“Bring your best self to work.” “Employees are our greatest asset.”

Time-worn expressions like these invite cynical responses today, as employees struggle with anxiety, depression, physical health issues, social isolation, burnout and exhaustion from constant change. Employees want to believe the company is truly concerned about them as a whole person. Most employers now recognize that workers need support. Successful well-being programs offer increased holistic resources supporting physical, mental/emotional, financial, social and professional well-being.

However, one of the biggest frustrations we frequently hear is the lack of employee awareness of their employer’s rich offerings. This gap in knowledge stops people from taking needed but challenging steps to adopt healthier lifestyle habits, manage their resilience and coping skills, overcome financial challenges or pursue other well-being goals.

Now more than ever, organizations need to expand efforts beyond merely sending out more newsletters, emails, posters or assuming self-serve wellness websites are the cure. Training techniques can be incorporated as a trigger, educator and motivator.


Training Tips That Make a Difference

A total well-being approach enables employees to personalize what will best enhance their wellness. Here are ways training support can be integrated into a well-being strategy and promotion.


Conduct a Learner Assessment

Through a survey or focus group, confirm employees’ level of understanding, gaps and needs. A classic outcome of failed wellness programs has been realizing that many employees simply don’t know about or how to find resources, or the current user experience causes employees to simply give up. These fact-finding discussions are good ways to understand what is important to employees and what might motivate them to change to a healthier lifestyle — or if program changes are needed.


Start at the Top

Ensure leaders and managers understand how their words and actions support and influence a life in pursuit of holistic well-being. Employees want to see authenticity and the ability to trust that the focus on wellness is more than lip service. Many managers need their own training first, to set an example and help cite tools and resources. Some may still need proof that these programs are worth the effort. For return on investment (ROI), reducing unnecessary health costs is often debated.  The most convincing argument may be culture-building, acknowledging current stressors and the unacceptable alternative of allowing employees to continue to be distracted from their work, or moving on to a more supportive employer.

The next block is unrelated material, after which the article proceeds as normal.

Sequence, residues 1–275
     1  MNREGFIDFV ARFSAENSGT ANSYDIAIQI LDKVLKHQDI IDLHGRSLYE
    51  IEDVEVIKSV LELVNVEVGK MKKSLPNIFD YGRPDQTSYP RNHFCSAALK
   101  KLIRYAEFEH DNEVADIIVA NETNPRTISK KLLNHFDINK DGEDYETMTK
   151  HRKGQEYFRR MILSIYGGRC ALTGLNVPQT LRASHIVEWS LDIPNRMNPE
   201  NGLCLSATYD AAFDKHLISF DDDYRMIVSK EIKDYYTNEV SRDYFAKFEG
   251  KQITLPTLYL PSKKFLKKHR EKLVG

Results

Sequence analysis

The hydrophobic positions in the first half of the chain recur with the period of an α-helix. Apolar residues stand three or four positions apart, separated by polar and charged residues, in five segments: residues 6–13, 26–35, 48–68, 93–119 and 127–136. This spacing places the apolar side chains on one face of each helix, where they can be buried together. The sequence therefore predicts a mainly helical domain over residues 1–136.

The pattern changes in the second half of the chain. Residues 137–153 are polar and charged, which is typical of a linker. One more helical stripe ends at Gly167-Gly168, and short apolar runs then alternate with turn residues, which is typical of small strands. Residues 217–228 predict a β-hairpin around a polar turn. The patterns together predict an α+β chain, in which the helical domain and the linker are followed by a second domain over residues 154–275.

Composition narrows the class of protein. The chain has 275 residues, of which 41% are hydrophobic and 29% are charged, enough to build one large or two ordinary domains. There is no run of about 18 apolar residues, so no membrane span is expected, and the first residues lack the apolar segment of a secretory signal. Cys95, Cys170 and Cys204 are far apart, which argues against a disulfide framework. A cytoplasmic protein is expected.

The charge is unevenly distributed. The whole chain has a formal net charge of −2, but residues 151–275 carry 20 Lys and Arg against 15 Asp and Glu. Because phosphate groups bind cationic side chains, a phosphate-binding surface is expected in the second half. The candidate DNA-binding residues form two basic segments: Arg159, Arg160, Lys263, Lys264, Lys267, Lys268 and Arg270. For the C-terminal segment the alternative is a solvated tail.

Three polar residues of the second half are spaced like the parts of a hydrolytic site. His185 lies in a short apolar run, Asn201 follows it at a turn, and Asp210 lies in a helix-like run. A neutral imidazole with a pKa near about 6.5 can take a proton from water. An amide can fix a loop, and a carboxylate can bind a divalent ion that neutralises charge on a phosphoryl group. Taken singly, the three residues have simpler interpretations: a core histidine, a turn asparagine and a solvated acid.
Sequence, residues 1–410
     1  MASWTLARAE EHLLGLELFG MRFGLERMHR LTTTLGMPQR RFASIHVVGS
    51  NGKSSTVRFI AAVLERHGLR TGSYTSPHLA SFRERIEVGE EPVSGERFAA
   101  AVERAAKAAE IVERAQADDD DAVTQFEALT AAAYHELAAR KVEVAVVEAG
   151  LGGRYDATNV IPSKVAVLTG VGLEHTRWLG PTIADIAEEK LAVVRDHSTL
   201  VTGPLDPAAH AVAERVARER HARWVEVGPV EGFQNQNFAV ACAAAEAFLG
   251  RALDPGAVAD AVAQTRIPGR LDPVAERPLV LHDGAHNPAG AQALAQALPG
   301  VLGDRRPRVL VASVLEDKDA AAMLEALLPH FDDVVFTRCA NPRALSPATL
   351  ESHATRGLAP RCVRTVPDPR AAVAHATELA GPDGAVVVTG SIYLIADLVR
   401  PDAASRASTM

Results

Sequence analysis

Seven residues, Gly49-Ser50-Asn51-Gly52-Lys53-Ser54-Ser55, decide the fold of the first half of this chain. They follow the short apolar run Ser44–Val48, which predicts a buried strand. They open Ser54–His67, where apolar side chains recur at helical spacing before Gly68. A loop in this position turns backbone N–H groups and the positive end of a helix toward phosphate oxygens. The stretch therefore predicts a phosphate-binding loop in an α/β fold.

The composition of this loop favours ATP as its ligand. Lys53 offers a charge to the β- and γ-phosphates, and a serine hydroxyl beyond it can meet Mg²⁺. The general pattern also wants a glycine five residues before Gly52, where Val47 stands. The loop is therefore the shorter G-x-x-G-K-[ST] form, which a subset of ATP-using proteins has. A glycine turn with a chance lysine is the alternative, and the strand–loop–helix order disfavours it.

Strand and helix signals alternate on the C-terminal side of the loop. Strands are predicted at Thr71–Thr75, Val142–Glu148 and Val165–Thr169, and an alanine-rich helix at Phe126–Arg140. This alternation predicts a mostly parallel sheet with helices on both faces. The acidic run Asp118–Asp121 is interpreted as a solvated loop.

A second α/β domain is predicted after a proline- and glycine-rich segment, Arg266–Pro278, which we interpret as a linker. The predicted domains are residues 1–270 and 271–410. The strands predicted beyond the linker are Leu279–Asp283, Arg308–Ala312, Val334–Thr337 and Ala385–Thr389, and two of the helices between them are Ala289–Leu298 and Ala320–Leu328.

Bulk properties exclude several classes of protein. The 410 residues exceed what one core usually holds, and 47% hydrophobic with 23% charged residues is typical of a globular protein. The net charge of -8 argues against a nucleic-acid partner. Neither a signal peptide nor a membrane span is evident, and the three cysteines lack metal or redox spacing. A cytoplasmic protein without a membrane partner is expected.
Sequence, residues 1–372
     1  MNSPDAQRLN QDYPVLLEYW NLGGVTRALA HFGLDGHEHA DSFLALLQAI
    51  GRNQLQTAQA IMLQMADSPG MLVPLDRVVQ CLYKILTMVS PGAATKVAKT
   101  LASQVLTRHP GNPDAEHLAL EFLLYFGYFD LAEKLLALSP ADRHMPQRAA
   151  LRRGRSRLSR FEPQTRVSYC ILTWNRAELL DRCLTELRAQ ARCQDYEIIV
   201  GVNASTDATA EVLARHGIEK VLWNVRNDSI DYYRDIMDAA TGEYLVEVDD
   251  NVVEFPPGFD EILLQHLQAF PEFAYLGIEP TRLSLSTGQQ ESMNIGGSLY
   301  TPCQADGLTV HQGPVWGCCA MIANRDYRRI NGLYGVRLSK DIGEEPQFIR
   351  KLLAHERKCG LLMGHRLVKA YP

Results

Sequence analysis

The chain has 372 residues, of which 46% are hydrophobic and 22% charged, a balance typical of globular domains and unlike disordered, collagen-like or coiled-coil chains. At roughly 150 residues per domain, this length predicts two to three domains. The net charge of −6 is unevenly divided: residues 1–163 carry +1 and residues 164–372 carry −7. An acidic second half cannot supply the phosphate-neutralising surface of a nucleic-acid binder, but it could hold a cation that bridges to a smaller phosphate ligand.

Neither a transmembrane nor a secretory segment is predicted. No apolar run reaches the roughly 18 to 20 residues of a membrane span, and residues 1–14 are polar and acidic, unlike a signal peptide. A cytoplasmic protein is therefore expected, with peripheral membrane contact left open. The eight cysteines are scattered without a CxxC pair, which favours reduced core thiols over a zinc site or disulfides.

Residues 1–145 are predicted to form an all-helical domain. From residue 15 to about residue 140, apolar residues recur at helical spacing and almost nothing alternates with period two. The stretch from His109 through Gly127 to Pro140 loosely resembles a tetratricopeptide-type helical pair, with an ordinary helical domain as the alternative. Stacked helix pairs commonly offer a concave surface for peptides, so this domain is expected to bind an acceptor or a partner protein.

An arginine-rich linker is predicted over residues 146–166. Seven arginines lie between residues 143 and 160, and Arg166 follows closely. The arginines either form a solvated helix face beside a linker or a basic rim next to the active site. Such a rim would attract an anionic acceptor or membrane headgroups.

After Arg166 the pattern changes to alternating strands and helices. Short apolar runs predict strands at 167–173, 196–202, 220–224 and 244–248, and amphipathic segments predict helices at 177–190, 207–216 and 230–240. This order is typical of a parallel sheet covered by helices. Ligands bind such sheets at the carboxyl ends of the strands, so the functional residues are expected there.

Set One Goal

We all know that New Year’s resolutions are notorious for being vague and soon forgotten. Instead, companies can provide simple training in setting goals (for instance, using the SMART approach), then challenging employees to set just one goal to start with. The concept of tiny habits confirms that change is more likely to be successful. Focusing one’s wellness plan on a single goal can start with actions as basic as participating in an education session or getting coaching support to stay on track with a healthy eating initiative.


Promote and Promote Again

Expecting employees to remember wellness programs that are only mentioned at annual enrollment or on a self-serve basis is too passive. Reminders almost always drive spikes in utilization. Promote resources in town hall sessions, in-person or webinar lunch-and-learn settings or recordings hosted on your learning management system. Include navigation instructions and tips; confusing websites and login requirements often trip up and discourage users. Encourage attendance by offering wellness incentives, credits or hold raffles for fun prizes.


Check in Often

To achieve a culture of well-being, the Health Enhancement Research Organization (HERO) highlights the need for leadership support, incentives, comprehensive programs, and resources. Coordination among programs, communications, data and strategy are key. The biggest measure of success is how well employees understand and adopt personal well-being. Assessment efforts can include integrating learning quizzes into wellness communications to confirm understanding – and potentially enable earning an incentive for completion. Such tools can also produce personalized recommendations to identify and encourage pursuing relevant goals and resources.


Training Can Spur and Sustain Improved Well-being

Employee needs differ widely. What an employee needs right now will change as life events occur or the individual regains energy and motivation to make healthy changes. Likewise, a health condition or financial stressor may need to be broken down into component parts and steps prioritized for improvement.


Employers often benchmark best practices. Yet, what works in one culture may not in another; what sparks engagement for one employee may not for another. Through training, education, and ongoing creative and personalized promotion, employers can inspire employees and families to embrace well-being offerings.